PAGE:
Story correction: The original version of this story indicated that Intel would be offering Meteor Lake CPUs for desktop PCs, implying they would come as retail processors to be installed on enthusiast and DIY machines, but that is not the case.

Intel's Meteor Lake will be available on certain types of desktop systems, OEMs and all-in-one (AIO) machines like the Intel NUC and other compact PCs. It won't be offered in a socketed version, so it can't be fitted into upcoming LGA1851 motherboards. In other words, Meteor Lake processors are fundamentally designed for laptops.

Intel has confirmed that it will bring its Meteor Lake CPUs to desktops in 2024. The confirmation ends frenzied speculation that Meteor Lake might remain exclusive to laptops due to the planned release of the Raptor Lake Refresh later this year. Various leaks also suggested that Intel had canceled its plans to launch Meteor Lake CPUs for the desktop, and will instead focus on the Arrow Lake lineup. However, as it turns out, all of those leaks were inaccurate.

The confirmation about Intel's Meteor Lake plans comes from the Executive Vice President and general manager of the company's Client Computing Group, Michelle Johnston Holthaus. In an interview with PC World on the sidelines of the Intel Innovation 2023 event, Holthaus said that "(Meteor Lake) desktop will come in 2024." Explaining the rationale behind Intel's decision, she said that the company wanted one processor family for both laptops and desktops, as that's what most people want.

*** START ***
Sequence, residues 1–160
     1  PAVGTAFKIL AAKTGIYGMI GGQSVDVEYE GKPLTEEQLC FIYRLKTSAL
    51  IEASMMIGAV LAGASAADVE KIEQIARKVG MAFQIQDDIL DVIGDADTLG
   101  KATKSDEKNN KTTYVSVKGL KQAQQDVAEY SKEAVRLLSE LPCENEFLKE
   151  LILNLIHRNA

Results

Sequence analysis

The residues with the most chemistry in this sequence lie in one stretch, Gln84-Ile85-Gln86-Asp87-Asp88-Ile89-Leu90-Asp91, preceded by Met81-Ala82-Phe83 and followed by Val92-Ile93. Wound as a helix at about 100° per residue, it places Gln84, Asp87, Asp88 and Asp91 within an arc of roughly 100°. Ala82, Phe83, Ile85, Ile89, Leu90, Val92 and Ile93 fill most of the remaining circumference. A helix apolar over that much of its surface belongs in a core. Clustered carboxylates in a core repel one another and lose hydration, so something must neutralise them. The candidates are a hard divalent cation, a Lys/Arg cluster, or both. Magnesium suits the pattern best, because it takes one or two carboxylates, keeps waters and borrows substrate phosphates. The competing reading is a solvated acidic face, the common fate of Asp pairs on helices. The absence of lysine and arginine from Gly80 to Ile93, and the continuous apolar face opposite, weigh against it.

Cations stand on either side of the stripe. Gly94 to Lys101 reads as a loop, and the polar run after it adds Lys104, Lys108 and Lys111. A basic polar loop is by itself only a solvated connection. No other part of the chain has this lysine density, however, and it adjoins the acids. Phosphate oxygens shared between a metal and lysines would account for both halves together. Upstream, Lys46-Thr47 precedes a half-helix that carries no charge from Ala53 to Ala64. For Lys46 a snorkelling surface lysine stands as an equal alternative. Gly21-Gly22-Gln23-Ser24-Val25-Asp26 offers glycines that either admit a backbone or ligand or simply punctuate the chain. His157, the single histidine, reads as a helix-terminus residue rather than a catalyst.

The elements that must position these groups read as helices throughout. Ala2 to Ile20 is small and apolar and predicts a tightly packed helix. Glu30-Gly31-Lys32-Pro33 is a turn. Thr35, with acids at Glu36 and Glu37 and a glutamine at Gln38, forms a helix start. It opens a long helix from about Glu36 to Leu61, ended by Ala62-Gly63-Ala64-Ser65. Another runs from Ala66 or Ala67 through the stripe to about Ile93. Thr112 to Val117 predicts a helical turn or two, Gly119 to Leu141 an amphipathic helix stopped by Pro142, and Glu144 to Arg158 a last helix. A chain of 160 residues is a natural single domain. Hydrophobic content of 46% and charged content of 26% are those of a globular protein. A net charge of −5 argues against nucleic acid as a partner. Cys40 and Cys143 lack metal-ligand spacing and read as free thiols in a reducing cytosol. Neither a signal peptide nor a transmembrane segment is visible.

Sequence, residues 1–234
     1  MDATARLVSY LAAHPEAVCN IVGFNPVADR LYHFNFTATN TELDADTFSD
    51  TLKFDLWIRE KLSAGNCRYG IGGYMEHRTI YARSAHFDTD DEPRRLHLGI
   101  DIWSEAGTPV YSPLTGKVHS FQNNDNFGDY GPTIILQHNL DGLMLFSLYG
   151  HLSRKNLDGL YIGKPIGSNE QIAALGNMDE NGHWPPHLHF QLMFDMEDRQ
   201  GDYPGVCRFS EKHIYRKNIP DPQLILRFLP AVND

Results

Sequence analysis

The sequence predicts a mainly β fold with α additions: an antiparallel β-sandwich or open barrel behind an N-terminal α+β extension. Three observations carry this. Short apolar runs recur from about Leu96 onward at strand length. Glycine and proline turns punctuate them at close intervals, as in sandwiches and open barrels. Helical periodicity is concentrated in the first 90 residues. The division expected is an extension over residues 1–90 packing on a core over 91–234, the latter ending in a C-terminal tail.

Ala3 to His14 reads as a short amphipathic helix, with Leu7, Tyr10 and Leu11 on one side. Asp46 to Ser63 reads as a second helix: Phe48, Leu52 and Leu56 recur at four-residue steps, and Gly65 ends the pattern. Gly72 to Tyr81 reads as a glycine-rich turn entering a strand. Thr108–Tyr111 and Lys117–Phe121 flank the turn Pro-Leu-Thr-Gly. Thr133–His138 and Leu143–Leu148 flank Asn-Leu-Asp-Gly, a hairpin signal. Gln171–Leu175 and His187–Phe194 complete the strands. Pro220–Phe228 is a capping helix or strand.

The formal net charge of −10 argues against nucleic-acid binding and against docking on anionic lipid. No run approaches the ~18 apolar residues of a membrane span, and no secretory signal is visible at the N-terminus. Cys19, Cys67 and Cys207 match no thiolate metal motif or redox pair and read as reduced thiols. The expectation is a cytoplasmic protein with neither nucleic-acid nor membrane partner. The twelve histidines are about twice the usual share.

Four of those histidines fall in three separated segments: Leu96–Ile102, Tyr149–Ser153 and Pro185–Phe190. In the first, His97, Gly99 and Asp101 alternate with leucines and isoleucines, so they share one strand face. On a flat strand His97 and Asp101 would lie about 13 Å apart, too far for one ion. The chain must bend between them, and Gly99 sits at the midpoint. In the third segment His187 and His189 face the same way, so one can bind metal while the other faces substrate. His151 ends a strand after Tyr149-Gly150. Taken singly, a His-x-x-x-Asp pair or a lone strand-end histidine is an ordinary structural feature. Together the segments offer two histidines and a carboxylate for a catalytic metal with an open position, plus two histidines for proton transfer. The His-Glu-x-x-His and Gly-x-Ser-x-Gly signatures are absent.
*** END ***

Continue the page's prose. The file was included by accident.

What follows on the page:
The confirmation is good for gamers, desktop users, and DIY PC builders who might have felt a little disappointed by the news that the first-generation Core Ultra processors will not be available for desktops. The most recent source of the speculations was a document, said to be a leaked official slide that seemed to show plans for Meteor Lake laptop chips, but did not include any mention of desktops or workstations. However, it now looks like that could have been due to Intel pushing back the Meteor Lake desktop launch for next year.

Staying with Meteor Lake news, Intel is reportedly preparing at least two configurations of Xe-LPG iGPU chiplets based on the Alchemist series for the Meteor Lake lineup. The report comes from HardwareLuxx editor Andreas Schilling, who says one of the iGPU chiplets will use 8 Xe cores, while the other will use 4. The strategy is expected to give Intel the flexibility to choose different integrated graphics solutions for different SKUs.

Meteor Lake will represent the biggest architectural shift for Intel in recent memory, and will also bring the first major rebranding of the company's CPU lineup in 15 years. Earlier this year, the company confirmed that the Meteor Lake lineup will ditch the long-standing 'Core i' nomenclature in favor of 'Core Ultra' for high-end chips, while the more mainstream parts will move from the 'i3/i5/i7/i9' branding to a simpler 'Core 3/5/7/9' naming convention.